Dictating numbers on iPhone/iPod

iOS and iPadOS

Hi! Whenever I'm using dictation, how can I get my iPhone/iPod to enter numbers as digits rather than words? i.e. I say "two" and it enters the word two rather than the number 2. Anyone have any ideas? Thanks.



Submitted by Nicholas on Monday, March 13, 2017

Member of the AppleVis Blog Team

To dictate numbers in iOS, say the word "numeral" first for each individual number.
Example, numeral 2, numeral 3, etc.
Hope this helps.

Submitted by Debbie on Tuesday, May 2, 2017

Sorry this is a very late response (been stuck in hospital). Just wanted to say a big thank you to Nicholas who answered my question on 13 March. It works, I'm eternaly grateful!!

Submitted by Debbie on Tuesday, May 2, 2017

I'm still struggling to upload audio books I have on CD and get them to sync with my iPod. Infuriatingly they show up in my apple account on my PC but just won't sync to my iPod. Has anyone discovered either a sure fire way of getting this done or know of a 3rd party app that would help? (I'm forever hopeful that somewhere there is a app or program designed to smooth over all the niggly bits that I've been told have to be done to do the uploading and make the entire action smooth as silk!) or is Apple just making this as difficult as possible because they want to get me to purchase their books rather than reuse my own audio?

Submitted by Jeff on Tuesday, May 2, 2017

What format are the audiobooks on the CD? Are they audio or mp3 CD's? If audio CD's, you'll have to rip them to mp3 first. Once you have mp3 files, I recommend the Voice Dream Reader app. You can zip the book's files into a zip archive and transfer it directly to Voice Dream Reader through one of the cloud services such as Dropbox. Leave the files zipped up. Voice Dream Reader will play the files from within the zip archive and treat the archive as a single book.

Submitted by Debbie on Tuesday, May 2, 2017

In reply to by Jeff

Hi Jeff. What you talk about sounds ideal for the 2,000 odd CDs I have to import. I'm going to sound a bit of a dunce now. What's the best way of ripping the CDs and turning them into MP3 format? The way I've been doing previous books is to rip them into iTunes, link the tracks and number the CDs but that hasn't given me the results I wanted. Can I convert the audio CDs to MP3 without using iTunes? I'd really appreciate some step by step idiots guide on this and how to zip them into 1 file, if you wouldn't mind helping me out? Another question, do you know if the app is user friendly with JAWS screen reader ? This sounds like it could be my perfect solution - I knew there must be something out there somewhere! Thank you.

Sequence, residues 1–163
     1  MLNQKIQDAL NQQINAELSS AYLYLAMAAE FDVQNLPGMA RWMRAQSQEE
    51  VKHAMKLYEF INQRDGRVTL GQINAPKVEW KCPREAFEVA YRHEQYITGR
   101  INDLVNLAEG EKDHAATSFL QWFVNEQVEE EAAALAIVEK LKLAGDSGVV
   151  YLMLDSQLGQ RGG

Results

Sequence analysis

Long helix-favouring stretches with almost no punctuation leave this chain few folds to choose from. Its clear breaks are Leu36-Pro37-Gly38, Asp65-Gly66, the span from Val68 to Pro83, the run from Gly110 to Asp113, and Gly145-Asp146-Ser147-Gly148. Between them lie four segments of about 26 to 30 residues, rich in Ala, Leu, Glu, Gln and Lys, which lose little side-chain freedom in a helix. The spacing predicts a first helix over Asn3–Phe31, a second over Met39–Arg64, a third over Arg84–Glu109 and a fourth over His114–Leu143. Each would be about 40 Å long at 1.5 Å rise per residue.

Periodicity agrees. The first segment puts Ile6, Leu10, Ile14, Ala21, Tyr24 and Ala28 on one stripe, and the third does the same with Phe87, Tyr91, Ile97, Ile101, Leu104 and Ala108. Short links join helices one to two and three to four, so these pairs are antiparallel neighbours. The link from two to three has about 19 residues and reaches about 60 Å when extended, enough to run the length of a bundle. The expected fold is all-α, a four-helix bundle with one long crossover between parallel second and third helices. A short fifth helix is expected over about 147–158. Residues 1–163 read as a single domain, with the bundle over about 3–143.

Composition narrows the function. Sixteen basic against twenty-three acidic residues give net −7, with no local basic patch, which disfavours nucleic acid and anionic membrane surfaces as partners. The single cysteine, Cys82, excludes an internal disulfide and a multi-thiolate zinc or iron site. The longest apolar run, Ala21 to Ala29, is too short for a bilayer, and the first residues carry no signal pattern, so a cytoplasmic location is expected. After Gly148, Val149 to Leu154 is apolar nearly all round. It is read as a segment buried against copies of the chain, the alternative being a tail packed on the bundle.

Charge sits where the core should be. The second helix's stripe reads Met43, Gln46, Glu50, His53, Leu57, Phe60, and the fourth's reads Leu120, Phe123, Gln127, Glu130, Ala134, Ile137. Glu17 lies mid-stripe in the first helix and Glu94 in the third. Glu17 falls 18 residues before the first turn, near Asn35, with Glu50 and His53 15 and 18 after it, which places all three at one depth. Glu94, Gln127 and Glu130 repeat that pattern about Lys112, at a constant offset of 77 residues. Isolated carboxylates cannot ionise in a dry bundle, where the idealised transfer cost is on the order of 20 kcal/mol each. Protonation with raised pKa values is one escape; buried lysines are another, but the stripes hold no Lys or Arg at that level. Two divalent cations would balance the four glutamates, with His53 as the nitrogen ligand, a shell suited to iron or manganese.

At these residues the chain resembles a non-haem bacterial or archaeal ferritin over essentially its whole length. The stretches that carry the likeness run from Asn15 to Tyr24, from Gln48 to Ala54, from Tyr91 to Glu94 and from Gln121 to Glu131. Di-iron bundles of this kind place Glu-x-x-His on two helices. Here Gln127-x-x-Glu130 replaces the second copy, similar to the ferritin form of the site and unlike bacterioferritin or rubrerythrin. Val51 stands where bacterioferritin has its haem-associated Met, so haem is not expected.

Submitted by Debbie on Tuesday, May 2, 2017

In reply to by Jeff

In rapid follow up to my last post with lots of questions, how to rip an audio CD to MP3 and create a zip file after ripping about 10 CDs is still a step by step request please, but asking if the app is compatible with JAWS is irrelevant as it'll be on my iPhone - I must be getting tired!

Submitted by Jeff on Tuesday, May 2, 2017

Actually, the JAWS question isn't irrelavent because you'll have to rip the CD's on your Windows computer where the CD drive resides.

I avoid iTunes like the plague, but I think you can tell iTunes to rip the CD into mp3 files rather than m4a files or whatever the Apple format is. Also, as long as the files are unprotected, I think Voice Dream Reader can play the Apple files as well.

There are also many other CD ripping tools available for Windows, some are free. I think Windows Media Player can Rip CD's, although I'm not sure about this. I use a program called CDEX which is accessible with JAWS. Since your computer came with a CD drive, it probably came with some CD ripping software and even that might be accessible.

If you use iTunes, you just need to locate your iTunes library on your hard drive and find the files it created. Move all the files for a given book into a folder then right-click (press the applications key) and arrow down to Sendto, right arrow on that and arrow down to Compressed file. That will zip up the folder which you can then copy into Dropbox or some other cloud storage to copy to your phone.

If you've already ripped a book to your computer through iTunes, try finding those files on your hard drive and zip them up as a test. Again, I think they will play on Voice Dream Reader.

Good luck.

Submitted by Nicholas on Wednesday, May 3, 2017

Member of the AppleVis Blog Team